Thursday, September 11, 2014
Pioneer Field Day
I first met Bruce back in the 70's when I was the agricultural education instructor at Blanchester. He did not live in the school district but was close enough I tried to recruit him for our Young and Adult Farmer program I was trying to build on top of my daily classroom instruction. He and his neighbors participated and we became good friends.
We had a common interest in machinery. He lived near McHenry Equipment, the local Oliver farm equipment dealer. As that brand faded away, our shared passion for farming never faded.
I became his county agricultural educator in 1987 and we set out to prove Pioneer wheat was better or not better than the other available wheat varieties. My picks won a few times but Pioneer has always had such a strong soft red winter wheat breeding program that I usually ended up proving that Pioneer was better.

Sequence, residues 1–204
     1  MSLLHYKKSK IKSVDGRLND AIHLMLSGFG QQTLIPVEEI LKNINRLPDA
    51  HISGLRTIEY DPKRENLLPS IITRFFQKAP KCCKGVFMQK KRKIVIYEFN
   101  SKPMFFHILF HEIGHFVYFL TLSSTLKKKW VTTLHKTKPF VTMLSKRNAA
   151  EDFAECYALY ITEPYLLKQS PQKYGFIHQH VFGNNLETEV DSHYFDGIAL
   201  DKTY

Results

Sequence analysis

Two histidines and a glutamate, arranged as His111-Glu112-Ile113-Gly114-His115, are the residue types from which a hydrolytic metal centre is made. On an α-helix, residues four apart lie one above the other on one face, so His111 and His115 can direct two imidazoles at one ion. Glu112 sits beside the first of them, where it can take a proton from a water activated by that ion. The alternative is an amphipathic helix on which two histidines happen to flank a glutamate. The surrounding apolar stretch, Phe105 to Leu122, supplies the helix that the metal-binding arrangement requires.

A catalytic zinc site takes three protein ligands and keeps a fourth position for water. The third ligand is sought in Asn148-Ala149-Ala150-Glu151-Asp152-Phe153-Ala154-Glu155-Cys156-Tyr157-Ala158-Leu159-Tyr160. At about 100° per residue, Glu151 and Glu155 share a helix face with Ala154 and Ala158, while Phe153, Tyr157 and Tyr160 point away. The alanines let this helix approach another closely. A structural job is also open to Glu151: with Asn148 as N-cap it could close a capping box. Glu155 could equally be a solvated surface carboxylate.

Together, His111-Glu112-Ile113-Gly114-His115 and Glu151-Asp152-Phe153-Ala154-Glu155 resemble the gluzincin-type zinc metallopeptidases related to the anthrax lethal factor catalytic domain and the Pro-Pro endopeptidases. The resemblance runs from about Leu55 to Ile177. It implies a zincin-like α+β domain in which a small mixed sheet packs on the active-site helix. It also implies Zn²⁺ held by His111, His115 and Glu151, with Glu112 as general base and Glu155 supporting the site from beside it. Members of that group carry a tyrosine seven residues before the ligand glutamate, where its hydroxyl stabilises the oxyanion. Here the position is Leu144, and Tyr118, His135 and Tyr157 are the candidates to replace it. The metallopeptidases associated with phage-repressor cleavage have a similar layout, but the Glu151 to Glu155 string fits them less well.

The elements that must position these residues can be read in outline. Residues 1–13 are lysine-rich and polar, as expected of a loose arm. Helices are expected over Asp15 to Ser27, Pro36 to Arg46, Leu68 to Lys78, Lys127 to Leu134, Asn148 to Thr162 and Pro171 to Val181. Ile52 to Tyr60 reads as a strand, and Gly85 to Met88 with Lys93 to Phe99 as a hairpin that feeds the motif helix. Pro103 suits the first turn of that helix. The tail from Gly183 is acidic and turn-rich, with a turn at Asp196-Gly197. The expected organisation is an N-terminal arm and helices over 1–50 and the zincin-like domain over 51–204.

Tuesday was no failure either. His corn plot showed some 230 bushel yields on my first counts. It is outstanding corn, especially for Clermont Silt Loam. I often said if you can farm there you can farm anywhere. The soil is old and weathered and tight and the rainfall is frequent.
He planted one hybrid at 42,000 plants per acre and 36,000 plants per acre. He had 43 ears on the higher population and 35 on the lower one but the yield calculated the same. The 43 ears had one ear with Diplodia which shows the increased disease pressure with the higher population.
It's one of the best field days a person could ever attend if you are in the agricultural business. Many of his suppliers and even his competitors were in attendance.
Bruce's farming operation and Pioneer seed business is a class act.
No wonder so many want to keep an eye on Bruce Goodwin.